Wednesday, February 3, 2016


Today, going indie has never been easier. That doesn’t mean, however, that becoming an independent or hybrid (traditionally published and self-published) author gets any easier. It only means that there are tons of resources (e.g. Author EMS), support groups (e.g. Indie Romance Ink), and publishing platforms (e.g. Draft2Digital) available that makes the journey a lot more seamless to publish a book.

But in my two years as an indie author, I’ve learned that there’s nothing easy about going indie. Nothing. On the other hand, indie publishing isn’t for the elite—it’s not for those who have been published before or who have tons of money to invest in it. Why do I say this? Because I’ve experienced it.

Full disclosure: I started my publishing career with a small e-press then went indie when I realized how much I valued the freedom and control that indie publishing allowed. Just recently, I became a full-on indie author with all the rights of my earlier books back. The money I made from the books published with that small press was what I used to self-publish my next series. Like many new first time indie authors, I had some growing pains along the way. But for me, personally, I learned more about myself as an author, about publishing, and about the industry as an indie author then I did with a publisher. Though not all publishers are created equal, and not all experiences are the same, I don’t believe that being previously published is a huge factor into whether you become a successful indie author or not.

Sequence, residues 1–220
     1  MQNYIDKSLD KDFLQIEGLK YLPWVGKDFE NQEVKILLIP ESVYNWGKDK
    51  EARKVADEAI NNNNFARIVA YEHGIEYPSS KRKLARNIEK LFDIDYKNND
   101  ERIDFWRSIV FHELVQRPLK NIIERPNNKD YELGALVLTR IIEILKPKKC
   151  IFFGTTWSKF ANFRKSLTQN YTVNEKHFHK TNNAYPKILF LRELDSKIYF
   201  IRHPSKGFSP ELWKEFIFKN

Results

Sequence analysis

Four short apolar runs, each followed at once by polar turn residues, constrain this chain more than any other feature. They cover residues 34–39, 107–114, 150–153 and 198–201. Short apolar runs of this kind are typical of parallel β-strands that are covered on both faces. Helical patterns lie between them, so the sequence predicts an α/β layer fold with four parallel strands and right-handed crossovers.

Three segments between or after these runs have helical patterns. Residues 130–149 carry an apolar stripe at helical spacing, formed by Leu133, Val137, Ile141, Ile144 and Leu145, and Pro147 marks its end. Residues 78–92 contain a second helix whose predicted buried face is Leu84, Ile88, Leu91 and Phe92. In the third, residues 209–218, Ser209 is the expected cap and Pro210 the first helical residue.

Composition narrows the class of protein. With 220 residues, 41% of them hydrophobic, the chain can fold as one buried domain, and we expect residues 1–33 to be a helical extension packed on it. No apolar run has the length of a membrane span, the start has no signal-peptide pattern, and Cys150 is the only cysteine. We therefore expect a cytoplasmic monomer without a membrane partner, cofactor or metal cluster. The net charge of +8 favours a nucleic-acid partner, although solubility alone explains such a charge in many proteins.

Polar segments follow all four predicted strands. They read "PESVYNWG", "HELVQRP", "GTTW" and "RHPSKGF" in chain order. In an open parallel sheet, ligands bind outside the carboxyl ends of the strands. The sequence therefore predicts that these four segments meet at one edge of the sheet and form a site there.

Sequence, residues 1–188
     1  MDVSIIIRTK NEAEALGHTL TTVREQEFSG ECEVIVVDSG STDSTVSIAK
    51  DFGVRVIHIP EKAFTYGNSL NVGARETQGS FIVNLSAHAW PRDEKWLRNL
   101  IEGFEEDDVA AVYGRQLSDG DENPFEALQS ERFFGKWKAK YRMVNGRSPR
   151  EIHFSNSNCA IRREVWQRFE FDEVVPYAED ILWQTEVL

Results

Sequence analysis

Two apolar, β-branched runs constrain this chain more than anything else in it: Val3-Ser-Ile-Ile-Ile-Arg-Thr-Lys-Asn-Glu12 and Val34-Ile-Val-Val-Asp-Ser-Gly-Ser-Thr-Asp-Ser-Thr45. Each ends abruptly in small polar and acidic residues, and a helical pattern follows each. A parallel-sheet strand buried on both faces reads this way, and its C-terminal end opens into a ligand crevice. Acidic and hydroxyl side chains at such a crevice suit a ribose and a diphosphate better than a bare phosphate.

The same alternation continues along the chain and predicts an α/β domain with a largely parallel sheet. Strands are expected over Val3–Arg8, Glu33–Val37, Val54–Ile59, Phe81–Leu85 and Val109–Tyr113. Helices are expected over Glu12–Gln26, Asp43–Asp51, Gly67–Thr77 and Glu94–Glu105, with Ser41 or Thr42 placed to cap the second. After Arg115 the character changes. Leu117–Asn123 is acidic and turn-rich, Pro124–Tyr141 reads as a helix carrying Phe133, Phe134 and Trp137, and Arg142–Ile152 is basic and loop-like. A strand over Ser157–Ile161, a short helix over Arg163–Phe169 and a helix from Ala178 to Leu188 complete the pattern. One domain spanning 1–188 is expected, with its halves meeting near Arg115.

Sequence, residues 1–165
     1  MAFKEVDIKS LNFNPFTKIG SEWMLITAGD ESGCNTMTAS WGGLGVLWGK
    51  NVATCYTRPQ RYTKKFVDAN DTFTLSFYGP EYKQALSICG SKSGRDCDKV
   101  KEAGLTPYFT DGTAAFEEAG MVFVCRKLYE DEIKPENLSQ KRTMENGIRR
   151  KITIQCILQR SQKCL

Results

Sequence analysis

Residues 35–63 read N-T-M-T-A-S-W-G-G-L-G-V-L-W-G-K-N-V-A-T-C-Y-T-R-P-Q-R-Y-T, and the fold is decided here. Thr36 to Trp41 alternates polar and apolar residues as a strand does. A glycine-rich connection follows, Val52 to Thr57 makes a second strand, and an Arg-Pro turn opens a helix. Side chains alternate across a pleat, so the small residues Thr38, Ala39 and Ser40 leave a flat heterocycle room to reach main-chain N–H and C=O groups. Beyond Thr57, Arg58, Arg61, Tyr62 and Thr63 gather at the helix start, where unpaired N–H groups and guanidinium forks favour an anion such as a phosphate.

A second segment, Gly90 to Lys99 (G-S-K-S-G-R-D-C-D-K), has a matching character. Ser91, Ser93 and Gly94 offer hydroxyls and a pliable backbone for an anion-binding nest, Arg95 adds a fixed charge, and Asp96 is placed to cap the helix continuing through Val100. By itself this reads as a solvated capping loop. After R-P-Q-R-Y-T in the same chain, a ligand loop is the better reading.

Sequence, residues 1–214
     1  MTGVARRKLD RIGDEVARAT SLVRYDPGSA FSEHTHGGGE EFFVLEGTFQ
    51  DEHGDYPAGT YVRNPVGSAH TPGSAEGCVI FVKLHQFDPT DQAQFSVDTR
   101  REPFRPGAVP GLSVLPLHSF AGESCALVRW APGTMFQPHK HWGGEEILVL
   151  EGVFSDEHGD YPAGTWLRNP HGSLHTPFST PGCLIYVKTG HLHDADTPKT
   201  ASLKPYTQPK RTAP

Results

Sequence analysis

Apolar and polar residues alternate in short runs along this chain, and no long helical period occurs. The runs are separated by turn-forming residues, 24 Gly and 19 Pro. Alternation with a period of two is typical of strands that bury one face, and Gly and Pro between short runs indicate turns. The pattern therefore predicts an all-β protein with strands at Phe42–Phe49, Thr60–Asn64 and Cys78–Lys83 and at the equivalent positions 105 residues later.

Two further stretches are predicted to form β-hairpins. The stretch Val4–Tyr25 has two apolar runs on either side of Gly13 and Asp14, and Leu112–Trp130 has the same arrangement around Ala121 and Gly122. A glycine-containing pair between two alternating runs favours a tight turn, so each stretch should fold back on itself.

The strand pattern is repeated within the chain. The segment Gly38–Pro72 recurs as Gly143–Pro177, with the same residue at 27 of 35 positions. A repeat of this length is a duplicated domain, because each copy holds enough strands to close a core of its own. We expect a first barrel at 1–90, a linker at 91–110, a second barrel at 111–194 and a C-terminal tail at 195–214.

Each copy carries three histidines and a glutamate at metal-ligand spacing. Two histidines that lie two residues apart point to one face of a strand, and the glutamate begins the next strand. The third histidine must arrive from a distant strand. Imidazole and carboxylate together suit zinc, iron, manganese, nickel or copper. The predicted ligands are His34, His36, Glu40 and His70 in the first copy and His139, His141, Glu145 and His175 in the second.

But I can only speak for myself and share what I’ve learned during my two years as an indie author. So before you hit “Publish” on your finished manuscript, you may want to ask yourself what you’re looking to gain by going indie. If your responses remotely resemble the top five reasons listed below then you may want to consider some of these harsh realities…

1. I want to make a lot of money.
Reality check: The days of making hundreds, thousands, or even hundreds of thousands on your first self-published book are over. Sure, the billionaire/secret baby/step-brother books are selling like crazy right now, but each trend eventually reaches its pinnacle and writing a book only because it’s selling doesn’t bode well for a lasting career in publishing. And the harsh reality is that once a trope or trend becomes flooded with books by those who want to make a quick buck, readers will lose interest and move on to the next new hot thing.

Bottom-line: Manage your money. Don’t expect to make much money on your first indie book, or even your second or third. And more often than not, if you are making money, that income will be put back into promotion, marketing, or preparing for your next self-publish book. You may even start off operating in the red for some time, but if you’re in this career for the long haul, then you’ll be making money with your books in no time. But it will take time.

2. I want the freedom/control of publishing my work how I want, when I want.